Slayer_
Slayer_

New Coke was just cokes attempt to taste like Pepsi. People of course hated that so they brought back "Classic Coke".

rob.thompson
rob.thompson

I thought the same as you when "the ribbon" was introduced with Office 2007. But after using it for 6 months, I wouldn't give it up! I can much more in less time with it. As a network admin, I need to work on desktops with earlier versions of Office. Ofc 2003 is clunky and Office XP is miserable to work with. Give 2007 a try, it will grow on you.

Ron_007
Ron_007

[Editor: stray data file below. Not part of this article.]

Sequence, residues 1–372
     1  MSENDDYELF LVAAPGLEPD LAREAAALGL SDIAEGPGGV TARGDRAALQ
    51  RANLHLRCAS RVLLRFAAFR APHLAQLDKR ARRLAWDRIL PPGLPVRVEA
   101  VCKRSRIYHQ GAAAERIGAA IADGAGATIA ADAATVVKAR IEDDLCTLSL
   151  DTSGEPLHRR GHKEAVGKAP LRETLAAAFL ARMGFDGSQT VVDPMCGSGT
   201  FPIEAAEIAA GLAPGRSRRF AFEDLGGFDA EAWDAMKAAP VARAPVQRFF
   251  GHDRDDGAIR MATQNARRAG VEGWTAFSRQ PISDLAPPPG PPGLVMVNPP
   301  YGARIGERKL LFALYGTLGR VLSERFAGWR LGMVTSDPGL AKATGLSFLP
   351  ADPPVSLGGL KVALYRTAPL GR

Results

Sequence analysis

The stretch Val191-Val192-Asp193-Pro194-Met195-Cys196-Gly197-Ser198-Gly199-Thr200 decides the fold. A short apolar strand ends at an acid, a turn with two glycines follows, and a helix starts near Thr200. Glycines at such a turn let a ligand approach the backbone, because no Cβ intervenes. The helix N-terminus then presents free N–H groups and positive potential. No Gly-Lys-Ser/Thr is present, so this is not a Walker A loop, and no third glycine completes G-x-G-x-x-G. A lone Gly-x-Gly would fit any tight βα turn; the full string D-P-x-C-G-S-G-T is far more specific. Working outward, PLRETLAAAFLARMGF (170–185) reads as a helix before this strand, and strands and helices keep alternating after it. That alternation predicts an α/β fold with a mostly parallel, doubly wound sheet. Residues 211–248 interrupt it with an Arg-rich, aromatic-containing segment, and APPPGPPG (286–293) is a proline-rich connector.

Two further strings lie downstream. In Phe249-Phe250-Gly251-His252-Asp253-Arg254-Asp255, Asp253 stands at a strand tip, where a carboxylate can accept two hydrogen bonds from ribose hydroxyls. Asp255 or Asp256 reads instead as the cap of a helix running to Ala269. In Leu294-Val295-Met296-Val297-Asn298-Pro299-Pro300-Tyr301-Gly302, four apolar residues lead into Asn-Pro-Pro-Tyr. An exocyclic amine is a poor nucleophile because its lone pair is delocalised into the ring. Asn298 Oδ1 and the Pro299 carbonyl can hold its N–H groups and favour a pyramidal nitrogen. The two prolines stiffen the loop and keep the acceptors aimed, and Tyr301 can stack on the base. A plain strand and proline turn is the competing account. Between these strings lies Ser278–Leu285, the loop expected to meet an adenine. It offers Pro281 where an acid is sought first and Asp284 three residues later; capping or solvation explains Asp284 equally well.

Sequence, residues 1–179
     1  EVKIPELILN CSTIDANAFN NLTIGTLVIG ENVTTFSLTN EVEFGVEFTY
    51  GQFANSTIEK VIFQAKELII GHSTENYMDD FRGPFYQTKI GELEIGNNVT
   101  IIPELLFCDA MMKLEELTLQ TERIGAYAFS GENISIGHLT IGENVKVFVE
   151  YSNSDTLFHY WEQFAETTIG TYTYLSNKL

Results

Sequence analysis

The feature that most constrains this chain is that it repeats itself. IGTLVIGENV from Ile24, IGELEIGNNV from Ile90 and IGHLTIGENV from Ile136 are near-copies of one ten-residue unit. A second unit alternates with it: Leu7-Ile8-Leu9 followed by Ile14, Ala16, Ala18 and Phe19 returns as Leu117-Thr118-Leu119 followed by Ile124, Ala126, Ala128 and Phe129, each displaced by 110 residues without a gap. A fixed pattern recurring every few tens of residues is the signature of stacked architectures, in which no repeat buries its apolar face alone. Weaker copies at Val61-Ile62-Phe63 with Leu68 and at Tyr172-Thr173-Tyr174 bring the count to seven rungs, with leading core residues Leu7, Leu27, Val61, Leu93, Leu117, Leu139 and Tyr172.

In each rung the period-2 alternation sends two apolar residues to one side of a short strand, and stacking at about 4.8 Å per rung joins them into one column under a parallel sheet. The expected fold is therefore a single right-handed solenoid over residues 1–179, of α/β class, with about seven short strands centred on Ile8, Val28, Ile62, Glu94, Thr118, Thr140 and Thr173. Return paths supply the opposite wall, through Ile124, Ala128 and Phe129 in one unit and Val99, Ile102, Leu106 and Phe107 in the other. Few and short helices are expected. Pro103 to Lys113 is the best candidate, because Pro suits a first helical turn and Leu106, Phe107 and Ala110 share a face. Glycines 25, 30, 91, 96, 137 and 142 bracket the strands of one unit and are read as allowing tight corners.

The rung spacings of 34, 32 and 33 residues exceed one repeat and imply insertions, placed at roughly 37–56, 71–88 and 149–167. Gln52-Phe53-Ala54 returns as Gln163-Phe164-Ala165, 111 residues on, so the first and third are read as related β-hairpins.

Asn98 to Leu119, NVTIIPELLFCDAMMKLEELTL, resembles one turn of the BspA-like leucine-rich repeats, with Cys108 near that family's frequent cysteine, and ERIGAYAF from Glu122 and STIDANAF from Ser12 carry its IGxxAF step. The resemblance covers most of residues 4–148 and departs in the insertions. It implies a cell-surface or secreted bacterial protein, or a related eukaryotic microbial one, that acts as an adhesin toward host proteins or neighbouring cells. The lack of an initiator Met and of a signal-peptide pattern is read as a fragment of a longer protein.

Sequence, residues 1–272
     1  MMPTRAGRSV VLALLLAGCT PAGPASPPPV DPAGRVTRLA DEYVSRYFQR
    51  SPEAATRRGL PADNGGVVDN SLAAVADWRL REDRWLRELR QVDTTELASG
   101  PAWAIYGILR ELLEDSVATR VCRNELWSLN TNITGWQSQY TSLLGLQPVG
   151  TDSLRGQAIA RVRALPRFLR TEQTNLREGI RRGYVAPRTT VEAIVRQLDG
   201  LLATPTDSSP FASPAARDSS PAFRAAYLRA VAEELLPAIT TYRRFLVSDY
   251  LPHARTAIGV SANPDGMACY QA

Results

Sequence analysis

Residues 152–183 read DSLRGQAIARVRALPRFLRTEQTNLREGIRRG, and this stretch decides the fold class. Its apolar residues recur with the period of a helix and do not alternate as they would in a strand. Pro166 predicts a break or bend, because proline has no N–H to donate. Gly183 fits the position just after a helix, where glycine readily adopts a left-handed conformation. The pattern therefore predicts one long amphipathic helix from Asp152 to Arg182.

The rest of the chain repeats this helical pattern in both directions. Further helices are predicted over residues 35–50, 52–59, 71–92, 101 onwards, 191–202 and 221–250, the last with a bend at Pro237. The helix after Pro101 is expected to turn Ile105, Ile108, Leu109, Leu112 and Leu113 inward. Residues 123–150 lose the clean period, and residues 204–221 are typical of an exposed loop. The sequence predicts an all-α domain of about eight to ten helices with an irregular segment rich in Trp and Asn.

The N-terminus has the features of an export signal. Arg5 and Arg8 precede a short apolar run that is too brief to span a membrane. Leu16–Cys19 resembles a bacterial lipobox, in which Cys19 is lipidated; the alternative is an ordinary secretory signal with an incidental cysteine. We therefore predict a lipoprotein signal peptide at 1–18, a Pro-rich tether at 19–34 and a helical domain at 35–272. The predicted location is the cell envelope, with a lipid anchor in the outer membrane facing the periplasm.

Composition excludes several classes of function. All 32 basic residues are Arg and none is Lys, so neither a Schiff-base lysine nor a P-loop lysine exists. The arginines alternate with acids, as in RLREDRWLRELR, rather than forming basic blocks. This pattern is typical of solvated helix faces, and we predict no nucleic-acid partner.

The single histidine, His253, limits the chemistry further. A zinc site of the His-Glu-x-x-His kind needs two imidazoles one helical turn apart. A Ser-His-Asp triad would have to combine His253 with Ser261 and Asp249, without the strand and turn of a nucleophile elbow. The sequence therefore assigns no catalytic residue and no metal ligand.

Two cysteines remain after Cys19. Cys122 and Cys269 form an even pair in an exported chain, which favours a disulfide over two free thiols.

it is change for sake of change that I object to, both as a user of Word/Office and as a computer programming professional. The changes in the 2007 Ribbon UI strike me as not completely thought out (haven't seen 2010 ribbon so i can't comment on it). For example, if you turn Vista Aero off, the Ribbon continues to look the the same, but the dialog boxes revert to XP style. Or, how about the Office Button? Where in the Windows User Interface did it come from? And the menu that drops out from it. In general I like it but why do they still include buttons to pop out additional stuff? Why did they have the "Options" and "Exit" buttons? I see from the screen shot that at least the "exit" and "options" buttons have been "fixed" in Word 2010. I like the new coke comparison. Another comparison I like to use is if one of the Big 3 automakers has studies to "prove" that British style "right-hand" steering is "safer" than our standard so in the new model year they unilaterally decide to make that switch in North America. What the heck, it is "safer", it doesn't substantially change the "driving experience" etc, ignoring the minor inconvience of putting manual transmission on the "wrong" side, who uses manual transmissions these days. The simple fact is that this change is aimed explicitly at new users. And I agree, that for them it may well be easier to find more features. On the other hand, for experienced users it is very disorienting. MS is counting on the resistance of experienced users to change. They figure they have experienced users, or their companies, "locked in". Why did they prevent users from customizing the ribbon? And I don't count Quick Access Toolbar (QAT). It is a trivial sop to user customization. It is almost like the company that almost single handed put the "Personal" in personal computing has decided to revert to a locked down "mainframe / green-screen" style of application programming. I am not afraid of change or learning new things, but this change isn't justifiable for me. I'm not just an "old" 2003 user. I am a user who started using MS Word 4.2 (FOR DOS!). In other Words, I have invested a lot of my personal time, effort and money (for books and training) over the last 18 years learning the intricacies of the Word menu system. Word 2007 is the 10'th new version of MS Word I've used over those years (I skipped '95). As well as several other word processors I've used for various reasons over those years. The saddest part of this whole tempest in a teapot is that it could have been easily avoided. All MS had to do was include the option to use the old menu system. It wasn't rocket science. I saw the first 3rd party products offering this functionality for sale within a few weeks of the general availability of Office 2007. There are now even several (2 for sure) that are offered for free. Over the years, MS has built in all sorts of "backwards compatibility" into newer versions of their software. Why didn't they include it this time. Take a look at the "Compatibility Options" they have. Things like "Auto space like Word 95", "Do full justification like WordPerfect 6" (functionally that's probably the best one!) or "Use the INSert Key for Paste" to name just a few. Or Word 2007 and Home tab/Copy button. All three copy text. The first 2 are reverse compatibility all the way back to DOS (and other OS's) in the very early 1980's (maybe even back to the 70's, I'm not sure)!